After the art gallery focused on the last century, we took the subway over to Opera City. After riding a series of escalators up, we found the NTT InterCommunication Center. Beyond the usual WIMP — Windows, Icons, Mouse, Pointer — interface, there were much larger scale devices to interact with computers. Some displays were by computer science students, and there were even some from the HCI scientists at IBM Research. The guides didn’t permit photographs in the main galleries, but encouraged us to take pictures in the kids’ area. Diana and I took turns crossing the bridge, causing ripples in the projected “water” underneath.
On one of the large screen interactions had us bouncing bubbles up, before they hit the ground.
The NTT ICC is small part of the larger Tokyo Opera City complex that takes up a large city block. In addition to a skyscraper tower, there’s a concert and recital hall , the New National Theatre Tokyo (for opera), an art gallery, and a gallery shop.
At the Tokyo Opera City Art Gallery, we saw the Melting Point exhibit. Jim Lambie covered the floors with strips of tape, immersing gallery visitors in colour. We also enjoyed the environments of Ernesto Neto, who used fabrics to partition rooms in strange ways. Diana and I played gopher in a room with a sheer fabric about a metre off the ground, with holes cut in a few places so that we could stand up.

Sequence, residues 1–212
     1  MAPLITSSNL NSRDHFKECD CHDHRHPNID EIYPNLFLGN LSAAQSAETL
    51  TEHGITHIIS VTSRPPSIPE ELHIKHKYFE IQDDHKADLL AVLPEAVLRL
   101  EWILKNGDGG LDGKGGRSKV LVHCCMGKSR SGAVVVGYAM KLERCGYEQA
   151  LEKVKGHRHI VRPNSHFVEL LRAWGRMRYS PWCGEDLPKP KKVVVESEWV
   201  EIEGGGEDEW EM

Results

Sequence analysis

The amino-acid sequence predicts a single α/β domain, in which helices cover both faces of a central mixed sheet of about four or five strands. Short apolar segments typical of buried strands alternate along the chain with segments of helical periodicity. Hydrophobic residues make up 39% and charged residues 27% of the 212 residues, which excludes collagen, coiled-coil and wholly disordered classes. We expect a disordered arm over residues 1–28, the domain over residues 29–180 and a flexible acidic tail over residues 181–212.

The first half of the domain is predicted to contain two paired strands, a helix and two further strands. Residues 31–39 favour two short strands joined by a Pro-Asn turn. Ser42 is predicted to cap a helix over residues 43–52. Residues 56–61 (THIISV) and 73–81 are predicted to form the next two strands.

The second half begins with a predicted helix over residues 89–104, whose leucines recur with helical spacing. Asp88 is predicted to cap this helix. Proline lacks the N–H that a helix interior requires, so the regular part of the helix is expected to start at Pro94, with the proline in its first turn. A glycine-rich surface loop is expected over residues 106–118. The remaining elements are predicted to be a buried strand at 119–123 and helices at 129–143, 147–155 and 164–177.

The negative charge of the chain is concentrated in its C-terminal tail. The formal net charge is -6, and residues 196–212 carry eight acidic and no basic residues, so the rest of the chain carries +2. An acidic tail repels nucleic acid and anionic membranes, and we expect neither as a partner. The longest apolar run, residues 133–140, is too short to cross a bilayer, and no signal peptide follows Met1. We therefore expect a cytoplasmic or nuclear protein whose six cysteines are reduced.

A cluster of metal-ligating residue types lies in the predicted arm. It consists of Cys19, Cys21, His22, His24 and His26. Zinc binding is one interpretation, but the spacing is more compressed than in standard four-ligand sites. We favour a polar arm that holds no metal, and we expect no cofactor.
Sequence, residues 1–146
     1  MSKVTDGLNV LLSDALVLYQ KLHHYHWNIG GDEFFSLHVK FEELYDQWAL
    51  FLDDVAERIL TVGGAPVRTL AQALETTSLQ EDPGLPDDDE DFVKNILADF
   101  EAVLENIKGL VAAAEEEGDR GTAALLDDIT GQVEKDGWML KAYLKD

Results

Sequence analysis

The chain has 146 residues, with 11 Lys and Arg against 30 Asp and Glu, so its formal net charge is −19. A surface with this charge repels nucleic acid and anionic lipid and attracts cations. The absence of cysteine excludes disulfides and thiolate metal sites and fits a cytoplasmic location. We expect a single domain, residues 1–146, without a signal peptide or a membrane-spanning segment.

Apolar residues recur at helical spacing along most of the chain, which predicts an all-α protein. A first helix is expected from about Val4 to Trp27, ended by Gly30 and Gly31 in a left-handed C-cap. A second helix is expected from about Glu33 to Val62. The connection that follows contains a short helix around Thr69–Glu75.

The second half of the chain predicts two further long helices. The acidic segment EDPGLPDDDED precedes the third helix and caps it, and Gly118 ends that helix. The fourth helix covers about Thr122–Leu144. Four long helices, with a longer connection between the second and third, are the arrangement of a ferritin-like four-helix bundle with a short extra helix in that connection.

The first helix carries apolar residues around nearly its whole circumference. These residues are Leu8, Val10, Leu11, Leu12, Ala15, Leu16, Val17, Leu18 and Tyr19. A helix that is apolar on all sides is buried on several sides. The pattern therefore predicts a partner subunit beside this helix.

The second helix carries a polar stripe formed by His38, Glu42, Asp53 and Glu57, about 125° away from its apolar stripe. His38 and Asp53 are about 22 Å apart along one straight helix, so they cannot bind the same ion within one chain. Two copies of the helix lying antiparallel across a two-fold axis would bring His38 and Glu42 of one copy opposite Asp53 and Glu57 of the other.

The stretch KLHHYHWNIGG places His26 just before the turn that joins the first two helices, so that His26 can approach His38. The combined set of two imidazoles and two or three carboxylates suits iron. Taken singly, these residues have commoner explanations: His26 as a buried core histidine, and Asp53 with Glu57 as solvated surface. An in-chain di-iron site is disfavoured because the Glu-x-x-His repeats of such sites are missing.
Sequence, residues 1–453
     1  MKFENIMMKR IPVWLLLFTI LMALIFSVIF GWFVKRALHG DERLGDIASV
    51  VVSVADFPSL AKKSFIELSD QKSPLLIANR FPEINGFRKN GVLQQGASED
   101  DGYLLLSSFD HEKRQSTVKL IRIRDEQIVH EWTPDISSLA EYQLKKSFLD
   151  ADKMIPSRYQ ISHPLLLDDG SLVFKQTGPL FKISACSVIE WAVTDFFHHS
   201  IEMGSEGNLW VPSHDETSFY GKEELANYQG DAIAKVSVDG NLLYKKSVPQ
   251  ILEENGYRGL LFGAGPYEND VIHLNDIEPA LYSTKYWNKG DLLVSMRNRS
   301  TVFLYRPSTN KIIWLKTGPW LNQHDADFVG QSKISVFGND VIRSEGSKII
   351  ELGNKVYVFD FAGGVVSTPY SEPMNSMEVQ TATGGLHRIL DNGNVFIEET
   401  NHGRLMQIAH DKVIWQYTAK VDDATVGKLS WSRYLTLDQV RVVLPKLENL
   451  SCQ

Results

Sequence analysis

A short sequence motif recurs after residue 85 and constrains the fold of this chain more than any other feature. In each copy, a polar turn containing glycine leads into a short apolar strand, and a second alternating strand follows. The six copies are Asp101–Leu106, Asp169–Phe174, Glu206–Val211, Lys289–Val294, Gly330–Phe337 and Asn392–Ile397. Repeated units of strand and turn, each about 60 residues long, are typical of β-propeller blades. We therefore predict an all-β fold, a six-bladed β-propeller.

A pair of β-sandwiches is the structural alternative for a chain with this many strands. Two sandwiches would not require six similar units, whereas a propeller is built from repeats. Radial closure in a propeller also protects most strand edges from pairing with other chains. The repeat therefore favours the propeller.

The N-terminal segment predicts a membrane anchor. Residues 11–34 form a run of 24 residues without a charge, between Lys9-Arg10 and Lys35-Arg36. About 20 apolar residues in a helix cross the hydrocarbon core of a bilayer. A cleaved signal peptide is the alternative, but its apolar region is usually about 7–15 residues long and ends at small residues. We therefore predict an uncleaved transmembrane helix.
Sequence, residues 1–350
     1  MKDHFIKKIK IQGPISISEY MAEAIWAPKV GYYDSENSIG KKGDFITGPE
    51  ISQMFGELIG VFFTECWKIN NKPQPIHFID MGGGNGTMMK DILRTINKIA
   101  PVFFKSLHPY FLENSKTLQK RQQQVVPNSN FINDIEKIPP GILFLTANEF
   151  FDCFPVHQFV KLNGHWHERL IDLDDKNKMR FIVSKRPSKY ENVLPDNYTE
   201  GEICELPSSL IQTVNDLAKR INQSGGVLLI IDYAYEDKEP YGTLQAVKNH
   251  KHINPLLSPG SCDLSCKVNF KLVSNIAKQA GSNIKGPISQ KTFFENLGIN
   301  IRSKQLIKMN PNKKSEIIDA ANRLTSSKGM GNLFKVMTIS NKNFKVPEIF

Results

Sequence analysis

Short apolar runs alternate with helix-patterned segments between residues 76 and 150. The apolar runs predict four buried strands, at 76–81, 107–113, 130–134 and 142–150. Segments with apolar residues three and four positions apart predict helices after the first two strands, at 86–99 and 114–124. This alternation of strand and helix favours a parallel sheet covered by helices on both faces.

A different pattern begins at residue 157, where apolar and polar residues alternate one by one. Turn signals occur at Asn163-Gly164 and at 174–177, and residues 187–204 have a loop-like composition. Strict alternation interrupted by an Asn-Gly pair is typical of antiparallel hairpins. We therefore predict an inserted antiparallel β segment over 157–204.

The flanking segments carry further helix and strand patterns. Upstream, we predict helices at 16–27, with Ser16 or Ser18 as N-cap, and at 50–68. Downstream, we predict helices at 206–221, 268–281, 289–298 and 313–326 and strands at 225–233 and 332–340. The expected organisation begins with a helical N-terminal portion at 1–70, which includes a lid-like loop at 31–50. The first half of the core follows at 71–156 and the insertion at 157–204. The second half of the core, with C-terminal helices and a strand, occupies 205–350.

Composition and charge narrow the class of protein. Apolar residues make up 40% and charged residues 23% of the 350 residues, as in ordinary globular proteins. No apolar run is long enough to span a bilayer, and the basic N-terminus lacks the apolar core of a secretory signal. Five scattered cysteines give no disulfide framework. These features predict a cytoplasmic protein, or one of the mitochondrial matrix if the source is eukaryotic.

In addition to the interior galleries, the Opera City complex has large plazas on three floors. There were performers and small shopping stalls where families with children came for entertainment.
Diana and I sat down on a bench to rest for a bit. A magician entertained the last few families staying as the sun set.
Diana and I split an order of shave ice to cool off. Tokyo Opera City is the type of venue that our kids would have really enjoyed when they were young. We enjoyed it, too, so I guess it’s appropriate for kids of all ages.